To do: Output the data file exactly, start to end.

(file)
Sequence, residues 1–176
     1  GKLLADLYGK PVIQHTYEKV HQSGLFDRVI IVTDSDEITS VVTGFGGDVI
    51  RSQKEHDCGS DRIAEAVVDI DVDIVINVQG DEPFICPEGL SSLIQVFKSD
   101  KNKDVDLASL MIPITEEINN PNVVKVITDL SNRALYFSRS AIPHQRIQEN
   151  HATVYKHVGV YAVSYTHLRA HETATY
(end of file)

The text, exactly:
Sequence, residues 1–176
     1  GKLLADLYGK PVIQHTYEKV HQSGLFDRVI IVTDSDEITS VVTGFGGDVI
    51  RSQKEHDCGS DRIAEAVVDI DVDIVINVQG DEPFICPEGL SSLIQVFKSD
   101  KNKDVDLASL MIPITEEINN PNVVKVITDL SNRALYFSRS AIPHQRIQEN
   151  HATVYKHVGV YAVSYTHLRA HETATY